Humble creatures, by J. Samuelson assisted by J.B. Hicks, Part 2

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Page iv - Where some, like magistrates, correct at home ; Others, like merchants, venture trade abroad ; Others, like soldiers, armed in their stings, Make boot upon the summer's velvet buds, Which pillage, they with merry march bring home To the tent royal of their emperor...
Page 13 - CHILD of the sun ! pursue thy rapturous flight, Mingling with her thou lov'st in fields of light; And, where the flowers of Paradise unfold, Quaff fragrant nectar from their cups of gold. There shall thy wings, rich as an evening sky, Expand and shut with silent ecstasy! —Yet wert thou once a worm, a thing that crept On the bare earth, then wrought a tomb and slept. And such is man ; soon from his cell of clay To burst a seraph in the blaze of day ! 1 Mrs.
Page iv - Where some like magistrates correct at home; Others like merchants venture trade abroad; Others like soldiers, armed in their stings, Make boot upon the summer's velvet buds, Which pillage they with merry march bring home To the tent-royal of their emperor; Who, busied in his majesty, surveys The singing masons building roofs of gold, The civil...
Page 33 - He next separated them by a partition through which they could pass their antennae, but not their heads. In this case the bees all remained tranquil, neither intermitting the care of the brood, nor abandoning their other employments; nor did they begin any royal cell. The means they used to assure themselves that their queen was in their vicinity, and to communicate with her, was to pass their antennae through the openings of the grate.
Page 120 - ... we may call the instincts of animals those unknown faculties implanted in their constitution by the Creator, by which, independent of instruction, observation, or experience, and without a knowledge of the end in view, they are impelled to the performance of certain actions tending to the well-being of the individual and the preservation of the species...
Page 13 - Child of the sun! pursue thy rapturous flight. Mingling with her thou lov'st in fields of light. And where the flowers of paradise unfold, Quaff fragrant nectar from their cups of gold : There shall thy wings, rich as an evening sky. Expand and shut with silent ecstasy. Yet, wert thou once a worm, — a thing that crept On the bare earth, then wrought a tomb, and slept. And such is man ! soon from his cell of clay To burst, a seraph, in the blaze of day.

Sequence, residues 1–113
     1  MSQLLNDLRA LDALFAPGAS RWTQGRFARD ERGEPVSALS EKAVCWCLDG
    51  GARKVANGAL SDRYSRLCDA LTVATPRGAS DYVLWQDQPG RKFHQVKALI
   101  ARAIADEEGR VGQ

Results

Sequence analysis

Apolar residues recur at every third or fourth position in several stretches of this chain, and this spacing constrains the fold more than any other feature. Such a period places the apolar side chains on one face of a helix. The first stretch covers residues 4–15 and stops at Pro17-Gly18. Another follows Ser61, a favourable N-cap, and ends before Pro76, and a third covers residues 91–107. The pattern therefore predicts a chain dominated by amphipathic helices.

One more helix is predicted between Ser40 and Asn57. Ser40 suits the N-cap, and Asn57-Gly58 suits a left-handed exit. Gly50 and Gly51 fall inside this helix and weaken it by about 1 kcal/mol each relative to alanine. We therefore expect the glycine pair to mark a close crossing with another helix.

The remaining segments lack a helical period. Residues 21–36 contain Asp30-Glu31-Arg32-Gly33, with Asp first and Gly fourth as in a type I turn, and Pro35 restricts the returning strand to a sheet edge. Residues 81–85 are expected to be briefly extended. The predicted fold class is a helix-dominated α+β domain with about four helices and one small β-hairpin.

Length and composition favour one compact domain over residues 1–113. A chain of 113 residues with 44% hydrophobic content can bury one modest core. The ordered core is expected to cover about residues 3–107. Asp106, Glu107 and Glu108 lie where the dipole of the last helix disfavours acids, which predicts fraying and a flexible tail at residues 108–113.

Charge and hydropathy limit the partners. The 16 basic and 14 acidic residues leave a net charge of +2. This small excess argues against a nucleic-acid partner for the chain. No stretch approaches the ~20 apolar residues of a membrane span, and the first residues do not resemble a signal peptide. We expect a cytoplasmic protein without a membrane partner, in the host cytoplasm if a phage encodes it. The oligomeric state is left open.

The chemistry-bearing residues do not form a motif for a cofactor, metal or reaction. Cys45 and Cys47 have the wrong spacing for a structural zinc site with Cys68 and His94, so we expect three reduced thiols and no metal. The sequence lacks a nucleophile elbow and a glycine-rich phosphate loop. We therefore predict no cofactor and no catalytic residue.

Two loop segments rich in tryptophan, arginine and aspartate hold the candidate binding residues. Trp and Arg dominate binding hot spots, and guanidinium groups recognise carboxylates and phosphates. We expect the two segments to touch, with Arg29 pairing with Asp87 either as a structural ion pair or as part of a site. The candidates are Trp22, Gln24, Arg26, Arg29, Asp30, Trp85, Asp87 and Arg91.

Page 33 - He first divided a hive by a grate, which kept the two portions about, three lines apart, so that they could not come at each other, though scent would pass. In that part in which there was no queen, the bees were soon in great agitation, and as they did not discover her where she was confined, in a short time they began to construct royal cells, which quieted them.
Page 96 - ... (2) The most important point in the theory is that " All eggs which come to maturity in the two ovaries of the queen bee are only of one and the same kind, which when they are laid without coming in contact with the male semen become developed into male bees, but on the contrary when they are fertilized by male semen produce female bees.
Page 33 - The means they used to assure themselves that their queen was in their vicinity and to communicate with her, was to pass their antennae through the openings of the grate. An infinite number of these organs might be seen at once, as it were, inquiring in all directions ; and the queen was observed answering these anxious inquiries of her subjects in the most marked manner ; for she was always fastened by her feet to the grate, crossing her antennae with those of the inquirers. Various other experiments,...
Page 25 - From the fact that in one insect at least, the sheep-tick (Melophagta ovinus), which ranks very low in the scale of development, we find ALL the external facets of the compound eyes non-adherent and circular.* " So much, then, for the corneal lens of the ocellus of the Bee, a compound hexahedral prism with double convex surfaces.

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